Thursday, October 29, 2015

Post Traumatic Stress Disorder, Part Two: Caring for Your Loved One Through the Darkness of PTSD

by Danetta Kellar @DanettaKellar

Click here if you missed last week’s article: Post Traumatic Stress Disorder, Part One: Caring for Yourself Through the Darkness of PTSD





You came to me with shame in your eyes, and I wanted to hide. Don’t let my shame cause him shame too, I cried out silently. “I’m sorry for hurting you,” you said, your eyes flashing with confusion and courage.  I searched for words to explain. “You did not hurt me. You just reminded me that someone else did.”

It may take many years for the one with PTSD to find such words to explain to a loving caregiver why he or she withdraws unexpectedly or lashes out in anger and fear. In the meantime relationships can strain to the breaking point, causing confusion, misunderstanding, and more pain. 

What about the needs of that caregiver? How can he or she walk alongside a loved one who is suffering from Post Traumatic Stress Disorder? 

Thursday, October 22, 2015

Post Traumatic Stress Disorder, Part One: Caring for Yourself Through the Darkness of PTSD

by Danetta Kellar @DanettaKellar

The old green Scout was my rescue car that day, the only reliable source of transportation available to make the long trek from our African village across the rutted dirt road, through the river, and finally to the hospital two hours away. I was sick, and I needed to see a doctor. 

Our team leader came to our aid in his old truck, arriving outside our little house as my husband helped me gather my things and climb in the truck.

The smooth vinyl seats were cracked and worn, with two narrow stitches harboring a wide one, right down the middle of each. The smell of old dust and sweat assailed my senses and I began to panic. My breathing increased, my heart beat erratically and forcefully, and I began to look for a way of escape. 

Examining the door handle, I restrained myself from lunging over my husband’s lap and jerking the door open for a desperate leap to freedom. 

Thursday, October 15, 2015

The Battle for the Heart of Your Teen

by Danetta Kellar @DanettaKellar

We had stepped around his dirty socks, wet towels, and discarded candy wrappers long enough. 

One day as I pulled out of the dirty laundry basket a stack of his clothing clean and still folded from the past week’s washing, I decided that the gentle, be-friends-with-my-teen approach was no longer effective. The whole family was increasingly bearing the responsibility that belonged to my teenage son, while his attitude toward us grew harder.

Around that time someone mentioned to me a woman who had trained her 8, 6, and 5 year-olds to do their own laundry. That’s harsh, I thought to myself. But on this day, suddenly, up to my elbows in clean clothes thrown carelessly in the dirty laundry bin for me to wash, that idea began to shine with sheer, brilliant wisdom.

Quietly and without lecturing I changed our system. I created a laundry bin for each child, labeled with his or her name. Knowing this was primarily for my teen, I also realized the pay-it-forward benefits this would have for my younger two children. I could imagine, as I daydreamed over the washing machine, the next two teenagers doing their own laundry without complaining, without mixing the darks and lights. A beautiful arrangement.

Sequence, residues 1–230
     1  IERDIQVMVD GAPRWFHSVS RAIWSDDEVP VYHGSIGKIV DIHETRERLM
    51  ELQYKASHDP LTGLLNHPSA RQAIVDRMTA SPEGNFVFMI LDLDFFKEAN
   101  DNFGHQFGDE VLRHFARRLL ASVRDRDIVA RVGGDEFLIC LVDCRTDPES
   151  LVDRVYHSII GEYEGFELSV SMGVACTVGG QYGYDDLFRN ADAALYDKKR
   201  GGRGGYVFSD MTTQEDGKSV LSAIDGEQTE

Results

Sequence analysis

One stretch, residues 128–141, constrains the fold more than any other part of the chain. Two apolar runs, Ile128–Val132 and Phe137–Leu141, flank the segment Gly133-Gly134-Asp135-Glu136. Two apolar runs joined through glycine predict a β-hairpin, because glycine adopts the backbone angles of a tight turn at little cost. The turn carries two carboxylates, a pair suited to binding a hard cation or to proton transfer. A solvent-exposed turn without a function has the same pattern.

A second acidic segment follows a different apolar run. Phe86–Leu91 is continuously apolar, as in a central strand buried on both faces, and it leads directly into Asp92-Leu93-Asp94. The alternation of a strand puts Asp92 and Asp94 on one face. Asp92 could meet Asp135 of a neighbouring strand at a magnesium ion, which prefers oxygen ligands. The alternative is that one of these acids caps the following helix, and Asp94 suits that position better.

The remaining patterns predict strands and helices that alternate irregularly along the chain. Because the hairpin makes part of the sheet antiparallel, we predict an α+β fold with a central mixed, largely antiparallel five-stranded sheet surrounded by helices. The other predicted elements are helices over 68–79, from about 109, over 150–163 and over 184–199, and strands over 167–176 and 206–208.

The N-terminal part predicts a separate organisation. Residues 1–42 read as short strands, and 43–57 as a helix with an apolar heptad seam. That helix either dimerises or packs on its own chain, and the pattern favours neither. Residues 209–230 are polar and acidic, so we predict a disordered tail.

Morning one came and I gently explained to my teen his new chore. He glared at me as if I had ordered him to prison. Defiantly he refused to get up from his school work and pick up his dirty clothes which were strewn across three rooms of the house, announcing that he would do what he wanted to do. 

Thursday, October 8, 2015

Reclaiming Your Life Through Eyes of Contentment


by Danetta Kellar

Clutter makes me stress out. If I open a cabinet and things fall out, it is time to simplify. If I cannot walk through the garage without tripping on someone’s shoes, maybe we have too many pairs. 

If I react defensively when someone asks sweetly to get together for coffee, maybe I need to get rid of something less necessary than friendship in my calendar. 

Too much, right now, don’t wait, just get a new one, get it done. These are all phrases that drive our culture and our lives to madness. And health problems. And hurting marriages. And cold friendships. And doors closed to hospitality instead of open wide with room for people. 

We are a cluttered society with more possessions, commitments, and obligations on our hands than we know how to manage.

There has got to be a way out of this.

Thursday, October 1, 2015

Role Confusion: Who is the Rescuer, Me, or Christ?

No man can redeem the life of another or give to God a ransom for him—the ransom for a life is costly, no payment is ever enough.
Psalm 49:7-8

It is not our job, Christians, to convert anyone. We are in fact not capable of doing so.

Think for a moment of the person you love and cherish most dearly in the world. That person, that one who you would die for, that one you sacrifice for. Do you have him or her clearly in your mind?

The worth of even that person, the one you know so well and love so deeply, is tremendously greater to God than even you can comprehend. His life, her life, is immeasurably precious to the Creator.

Think now of the person you are offended by today. The Troubler in your life. The one who angers you and hurts you. It is easy to devalue that one.

But that one also, the one bearing bad fruit, the one making you lose sleep, is equally precious to God. And his soul is equally costly, unable to be redeemed by you or by me.